Beyond that, there are a few things you can do to minimize the gag reflex:
- Breath through your nose.
- Put the pill at the back of your tongue (there aren't a lot of taste buds there, so it minimizes tasting the pill, which focuses your attention on it).
- There is over-the-counter sore throat spray, like Chloraseptic, that reduces sensitivity a bit. Spritz a little in the back of your mouth and throat before taking the pill and the sensation of the pill will be less likely to trigger a gag reflex.
- Don't over-think it. It's a psychological reaction. When you focus on the pill and let your anxiety take over, you make yourself gag. It's counter-productive to focus on the pill and the swallowing process. Follow the Nike slogan, "Just do it." Make the process fast and thoughtless; stick the pill on the back of your tongue and swallow a gulp or two of water before you have a chance to think about. Challenge yourself to see how fast you can place and swallow the pill.
Most of the existing answers appear to be variations on trying to "trick" your gag reflex, or just starting small and practicing. The key breakthrough for me was completely different - I really thought about and paid attention to the specific actions involved, and took some deliberate conscious control of it.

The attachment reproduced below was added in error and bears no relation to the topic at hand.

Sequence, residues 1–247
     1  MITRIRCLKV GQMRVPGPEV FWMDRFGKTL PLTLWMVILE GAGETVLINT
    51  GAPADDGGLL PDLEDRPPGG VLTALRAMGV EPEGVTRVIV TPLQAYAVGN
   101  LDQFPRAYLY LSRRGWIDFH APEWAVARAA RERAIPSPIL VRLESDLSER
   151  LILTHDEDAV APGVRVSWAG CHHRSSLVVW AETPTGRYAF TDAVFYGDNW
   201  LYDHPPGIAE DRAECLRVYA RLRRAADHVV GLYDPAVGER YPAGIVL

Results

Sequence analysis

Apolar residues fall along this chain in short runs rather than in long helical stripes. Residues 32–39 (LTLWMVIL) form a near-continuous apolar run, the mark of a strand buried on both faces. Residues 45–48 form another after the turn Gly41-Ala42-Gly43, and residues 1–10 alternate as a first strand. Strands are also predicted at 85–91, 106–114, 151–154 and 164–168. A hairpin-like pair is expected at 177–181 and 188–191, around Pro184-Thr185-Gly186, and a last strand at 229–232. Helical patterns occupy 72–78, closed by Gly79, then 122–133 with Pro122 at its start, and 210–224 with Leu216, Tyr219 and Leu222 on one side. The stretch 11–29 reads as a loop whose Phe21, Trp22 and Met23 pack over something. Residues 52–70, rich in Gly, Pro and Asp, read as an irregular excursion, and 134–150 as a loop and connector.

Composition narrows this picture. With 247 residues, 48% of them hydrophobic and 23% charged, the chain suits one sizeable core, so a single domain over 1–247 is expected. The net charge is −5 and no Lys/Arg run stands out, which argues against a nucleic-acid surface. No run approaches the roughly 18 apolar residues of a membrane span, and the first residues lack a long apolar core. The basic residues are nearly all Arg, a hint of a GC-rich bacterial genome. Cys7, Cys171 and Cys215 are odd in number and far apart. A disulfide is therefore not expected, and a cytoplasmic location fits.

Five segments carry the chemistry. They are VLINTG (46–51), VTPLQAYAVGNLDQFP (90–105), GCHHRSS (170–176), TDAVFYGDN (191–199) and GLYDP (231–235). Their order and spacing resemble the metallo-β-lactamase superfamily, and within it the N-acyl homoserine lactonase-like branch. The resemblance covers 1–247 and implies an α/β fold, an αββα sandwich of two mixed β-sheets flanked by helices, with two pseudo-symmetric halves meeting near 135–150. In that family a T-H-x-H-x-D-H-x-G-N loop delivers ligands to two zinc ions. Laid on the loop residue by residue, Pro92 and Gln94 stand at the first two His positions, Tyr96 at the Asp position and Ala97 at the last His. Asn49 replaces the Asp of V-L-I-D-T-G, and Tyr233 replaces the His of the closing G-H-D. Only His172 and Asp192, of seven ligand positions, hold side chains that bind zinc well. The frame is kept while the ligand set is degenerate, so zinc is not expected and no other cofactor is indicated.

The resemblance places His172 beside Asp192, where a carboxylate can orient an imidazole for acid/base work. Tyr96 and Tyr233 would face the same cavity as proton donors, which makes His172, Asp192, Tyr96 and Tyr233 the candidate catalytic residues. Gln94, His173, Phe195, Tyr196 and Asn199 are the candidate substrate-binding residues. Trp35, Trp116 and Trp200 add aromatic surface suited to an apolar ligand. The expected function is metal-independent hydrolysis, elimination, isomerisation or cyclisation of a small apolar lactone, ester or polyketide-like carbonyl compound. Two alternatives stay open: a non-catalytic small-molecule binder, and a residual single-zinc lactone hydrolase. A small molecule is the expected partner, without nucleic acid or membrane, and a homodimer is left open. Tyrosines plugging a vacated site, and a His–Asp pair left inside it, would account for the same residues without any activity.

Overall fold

For me, it didn't take much more than thinking about what it really meant to "open the back of my mouth" as everyone kept telling me to. For people who need more, this might help:
First, focus your attention on the sensations you're feeling on the interior of your mouth, way in the back, where it meets your throat. While breathing through your nose, open your mouth. Then, switch to breathing through your mouth. It might help to take a few extra large breaths. You should feel the air moving through the throat-mouth connection. Take note of where you're feeling that.
Next, sip some water. Pay attention to what's going on near the area you felt the air movement, and swallow the water. There are a few steps involved in swallowing:
- You keep a gap in the back of your mouth open, with the roof of your mouth raised and the back of your tongue lowered.
- You let the water through that gap.
- You close it and shove everything behind it down your throat.
Try to identify and isolate the action of opening that gap, taking more sips of water as needed. When you can open it, and tell that it's open, without finishing the swallow immediately, then proceed to the final step.
You may now be ready to try swallowing a pill (or something similar for practice, such as an M&M). Place the pill in your mouth, fairly far back but not so far that it's difficult. Open the gap as you just learned to, and pour enough water in your mouth to push the pill towards it. Really focus on holding that gap open until the pill is through it, and then swallow.